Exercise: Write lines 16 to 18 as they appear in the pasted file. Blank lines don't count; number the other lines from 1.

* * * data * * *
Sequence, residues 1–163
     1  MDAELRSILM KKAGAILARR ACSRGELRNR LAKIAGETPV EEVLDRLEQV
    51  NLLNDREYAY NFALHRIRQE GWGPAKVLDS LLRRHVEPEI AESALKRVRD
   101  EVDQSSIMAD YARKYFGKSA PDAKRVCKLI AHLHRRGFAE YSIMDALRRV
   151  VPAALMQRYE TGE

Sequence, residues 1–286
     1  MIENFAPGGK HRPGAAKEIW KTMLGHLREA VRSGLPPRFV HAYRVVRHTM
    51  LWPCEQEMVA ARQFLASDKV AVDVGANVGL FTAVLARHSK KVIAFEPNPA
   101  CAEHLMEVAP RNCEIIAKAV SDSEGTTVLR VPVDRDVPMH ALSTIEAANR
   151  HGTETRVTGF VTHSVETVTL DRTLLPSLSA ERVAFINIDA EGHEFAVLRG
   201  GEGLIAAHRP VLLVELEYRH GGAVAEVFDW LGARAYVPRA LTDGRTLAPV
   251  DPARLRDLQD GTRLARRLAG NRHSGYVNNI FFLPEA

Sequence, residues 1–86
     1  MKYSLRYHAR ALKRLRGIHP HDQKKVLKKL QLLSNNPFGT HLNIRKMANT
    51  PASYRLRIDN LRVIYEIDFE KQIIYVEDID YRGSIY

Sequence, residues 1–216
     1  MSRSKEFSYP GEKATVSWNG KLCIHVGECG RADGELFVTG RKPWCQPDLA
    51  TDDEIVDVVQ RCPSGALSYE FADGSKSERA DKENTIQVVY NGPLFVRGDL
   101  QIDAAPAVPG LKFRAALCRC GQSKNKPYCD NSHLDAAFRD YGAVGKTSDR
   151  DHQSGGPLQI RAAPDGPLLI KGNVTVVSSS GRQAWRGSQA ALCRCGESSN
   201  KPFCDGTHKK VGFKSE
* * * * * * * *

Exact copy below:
Sequence, residues 1–216
     1  MSRSKEFSYP GEKATVSWNG KLCIHVGECG RADGELFVTG RKPWCQPDLA
    51  TDDEIVDVVQ RCPSGALSYE FADGSKSERA DKENTIQVVY NGPLFVRGDL